11106  The 6 hour maximum temperature (the highest air
                temperature recorded during the previous six
                hours) is -10.6 C.  The first 1 is the group
                identifier, the second is the sign (0 for + or
                1 for -), and the final three digits are the
                temperature (106 is 10.6).
         21131  The 6 hour minimum temperature (-13.1 C) coded
                as above.  Here, the 2 is the group identifier.
         4/001  The total snow depth on the ground in inches.
                Usually found in the 06 and 18Z observations.
     411061131  A nine digit group beginning with a 4 as the
                group identifier would contain the 24 hour
                maximum and minimum temperatures, in that order,
                coded as in the "T" group above.  Usually found
                in the 08Z observation.
         51016  The "5" group is the 3 hour pressure tendency
                and amount of change.  The the second digit is
                the tendency (coded, where 0-3 are going up, 4
                is steady, and 5-8 are going down) and the last
                three digits are the change (016 is 1.6 mb).
         60000  3 and 6 hour precipitation amounts encoded as
                above.  60217 would indicate 2.17 inches.  The
                3 hourly precip is reported in the
         70025  The 24 hour total precipitation (this will be
                liquid equivalent for frozen precip) in 1/100s
                of an inch.  70025 would be 0.25 inch.  This
                is usually found in the 12Z observation.
         8/546  This identifies the low, middle, and high cloud
                types using WMO code. (See table 2 below.)
        933125  Liquid water equivalent of the snow on the
                ground in 1/10s of an inch.  933125 says the
                SWE is 12.5 inches.  Usually in the 18Z obs.
         98096  Duration of sunshine in minutes.  98096 means
                there were 96 minutes of sunshine during the
                day.  Usually in the 08Z observation.
        Plus a lot of other information that can be encoded or
        given in plain language (ex: volcanic eruptions, wind
        shifts, precipitation beginning or ending, lightning
        type and direction, etc.).
Note: (1) Sky Cover:
        SKC/CLR Clear (no clouds)
        FEW     Few clouds (1 to 2 eighths [1/8 to 2/8] of the
                sky is covered with clouds at this level).
        SCT     Scattered (3/8 to 4/8 cloud cover).
        BKN     Broken (5/8 to 7/8 cloud cover).
        OVC     Overcast (8/8 or all the sky is covered).
Note: (2) Cloud Types:
        Code    Low Clouds      Middle Clouds   High Clouds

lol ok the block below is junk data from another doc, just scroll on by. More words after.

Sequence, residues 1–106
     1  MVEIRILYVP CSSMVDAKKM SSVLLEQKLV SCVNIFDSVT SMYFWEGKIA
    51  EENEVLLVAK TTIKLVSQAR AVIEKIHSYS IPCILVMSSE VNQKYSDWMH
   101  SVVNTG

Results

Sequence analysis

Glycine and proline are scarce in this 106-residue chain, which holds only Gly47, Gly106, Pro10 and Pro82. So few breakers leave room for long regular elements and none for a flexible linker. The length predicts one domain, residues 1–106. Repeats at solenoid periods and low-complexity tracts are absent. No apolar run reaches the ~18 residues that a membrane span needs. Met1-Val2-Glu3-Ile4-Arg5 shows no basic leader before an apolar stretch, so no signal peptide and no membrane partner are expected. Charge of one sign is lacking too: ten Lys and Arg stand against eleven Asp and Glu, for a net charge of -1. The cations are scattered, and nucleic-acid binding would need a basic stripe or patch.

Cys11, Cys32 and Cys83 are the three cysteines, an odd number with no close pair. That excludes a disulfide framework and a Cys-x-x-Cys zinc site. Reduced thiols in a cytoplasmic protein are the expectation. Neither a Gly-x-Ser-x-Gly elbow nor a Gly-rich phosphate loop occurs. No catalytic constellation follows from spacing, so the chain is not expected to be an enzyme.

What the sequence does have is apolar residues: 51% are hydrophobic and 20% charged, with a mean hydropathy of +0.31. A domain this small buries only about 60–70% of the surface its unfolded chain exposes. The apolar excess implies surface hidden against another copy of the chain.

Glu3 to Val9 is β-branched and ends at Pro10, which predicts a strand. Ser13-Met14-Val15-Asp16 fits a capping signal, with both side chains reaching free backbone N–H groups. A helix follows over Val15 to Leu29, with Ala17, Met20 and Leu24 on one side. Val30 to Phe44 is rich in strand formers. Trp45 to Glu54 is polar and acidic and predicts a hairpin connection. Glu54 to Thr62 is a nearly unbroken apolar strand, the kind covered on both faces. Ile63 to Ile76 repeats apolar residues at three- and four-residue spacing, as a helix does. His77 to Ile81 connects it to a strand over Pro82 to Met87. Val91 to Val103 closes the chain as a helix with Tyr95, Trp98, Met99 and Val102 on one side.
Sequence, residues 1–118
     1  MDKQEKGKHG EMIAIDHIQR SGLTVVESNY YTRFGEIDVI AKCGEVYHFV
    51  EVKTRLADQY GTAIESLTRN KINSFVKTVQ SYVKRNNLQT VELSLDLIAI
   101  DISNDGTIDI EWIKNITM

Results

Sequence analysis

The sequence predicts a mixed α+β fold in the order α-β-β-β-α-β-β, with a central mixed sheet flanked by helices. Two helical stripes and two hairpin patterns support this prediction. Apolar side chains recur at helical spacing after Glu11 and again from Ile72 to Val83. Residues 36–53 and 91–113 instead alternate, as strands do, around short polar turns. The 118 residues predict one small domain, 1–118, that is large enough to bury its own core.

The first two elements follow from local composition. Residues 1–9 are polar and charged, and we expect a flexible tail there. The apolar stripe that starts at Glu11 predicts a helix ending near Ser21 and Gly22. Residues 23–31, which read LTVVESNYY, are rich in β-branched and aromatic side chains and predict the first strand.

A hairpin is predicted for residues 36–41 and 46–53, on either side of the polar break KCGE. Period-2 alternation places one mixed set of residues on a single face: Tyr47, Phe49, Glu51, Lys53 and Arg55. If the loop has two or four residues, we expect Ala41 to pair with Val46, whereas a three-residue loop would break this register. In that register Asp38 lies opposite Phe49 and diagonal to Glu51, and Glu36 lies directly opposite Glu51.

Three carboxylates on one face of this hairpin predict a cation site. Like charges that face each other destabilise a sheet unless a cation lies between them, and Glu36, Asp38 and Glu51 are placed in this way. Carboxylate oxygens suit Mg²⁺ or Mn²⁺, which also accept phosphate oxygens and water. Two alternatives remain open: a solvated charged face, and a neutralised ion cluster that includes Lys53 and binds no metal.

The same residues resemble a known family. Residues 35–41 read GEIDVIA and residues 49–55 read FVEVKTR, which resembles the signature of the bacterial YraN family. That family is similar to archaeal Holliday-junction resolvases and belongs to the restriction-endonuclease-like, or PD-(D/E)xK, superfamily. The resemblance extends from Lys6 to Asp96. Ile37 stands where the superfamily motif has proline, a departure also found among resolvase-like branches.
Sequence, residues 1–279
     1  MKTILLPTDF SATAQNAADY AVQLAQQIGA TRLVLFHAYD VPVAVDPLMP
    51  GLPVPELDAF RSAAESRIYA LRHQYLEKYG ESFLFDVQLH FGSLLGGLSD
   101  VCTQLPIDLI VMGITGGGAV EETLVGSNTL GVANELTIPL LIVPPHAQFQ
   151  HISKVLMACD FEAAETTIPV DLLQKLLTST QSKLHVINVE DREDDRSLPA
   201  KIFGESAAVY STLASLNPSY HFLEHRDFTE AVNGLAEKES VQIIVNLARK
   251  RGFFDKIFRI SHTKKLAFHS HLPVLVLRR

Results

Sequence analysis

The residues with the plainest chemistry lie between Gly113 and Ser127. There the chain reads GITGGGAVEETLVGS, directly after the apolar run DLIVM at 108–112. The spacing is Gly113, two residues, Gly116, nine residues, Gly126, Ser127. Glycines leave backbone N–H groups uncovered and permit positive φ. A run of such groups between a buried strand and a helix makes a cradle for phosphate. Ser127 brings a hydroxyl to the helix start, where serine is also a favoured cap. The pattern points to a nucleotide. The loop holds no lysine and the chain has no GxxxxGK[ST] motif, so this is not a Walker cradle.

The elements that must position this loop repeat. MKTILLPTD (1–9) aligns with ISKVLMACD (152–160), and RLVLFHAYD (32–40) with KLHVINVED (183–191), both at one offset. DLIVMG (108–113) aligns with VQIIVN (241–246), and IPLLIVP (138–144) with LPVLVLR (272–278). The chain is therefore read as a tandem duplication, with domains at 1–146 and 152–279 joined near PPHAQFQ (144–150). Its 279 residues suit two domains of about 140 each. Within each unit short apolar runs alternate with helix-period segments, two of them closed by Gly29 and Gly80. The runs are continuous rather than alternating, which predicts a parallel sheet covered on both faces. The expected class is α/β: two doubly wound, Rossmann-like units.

----    --------------- --------------- ---------------
          0     None            None            None
          1     Cu (fair wx)    As (thin)       Ci (filaments)
          2     Cu (towering)   As (thick)      Ci (dense)
          3     Cb (no anvil)   Ac (thin)       Ci (often w/Cb)
          4     Sc (from Cu)    Ac (patchy)     Ci (thickening)
          5     Sc (not Cu)     Ac (thickening) Ci/Cs (low in sky)
          6     St or Fs (fair) Ac (from Cu)    Ci/Cs (hi in sky)
          7     Fc/Fs (bad wx)  Ac (w/Ac,As,Ns) Cs (entire sky)
          8     Cu and Sc       Ac (w/turrets)  Cs (partial)
          9     Cb (T-storm)    Ac (chaotic)    Cc or Cc/Ci/Cs
        Ac-Altocumulus, As-Altostratus, Cb-Cumulonimbus,
        Cc-Cirrocumulus, Ci-Cirrus, Cs-Cirrostratus, Cu-Cumulus,
        Fc-Fractocumulus, Fs-Fractostratus, Ns-Nimbostratus,
        Sc-Stratocumulus, St-Stratus    (wx = weather)
Note: (3) Weather:
                 -  Light intensity (moderate is blank)
                 +  Heavy intensity
                VC  In the vicinity
                MI  Shallow             PR  Partial
                BC  Patches             DR  Low drifting
                BL  Blowing             SH  Showers
                TS  Thunderstorm        FZ  Freezing
                RA  Rain                DZ  Drizzle
                SN  Snow                SG  Snow Grains
                IC  Ice Crystals        PE  Ice Pellets
                GR  Hail                GS  Small Hail
                UP  Unknown Precipitation
                FG  Fog                 VA  Volcanic Ash
                BR  Mist                HZ  Haze
                DU  Widespread Dust     FU  Smoke
                SA  Sand                PY  Spray
                SQ  Squall              PO  Dust or Sand Whirls
                DS  Duststorm           SS  Sandstorm
                FC  Funnel Cloud (Tornado or Waterspout)
        This METAR decode was prepared by the Climate Research Division
        of Scripps Institution of Oceanography.  Anyone having corrections
        or comments please contact Larry Riddle (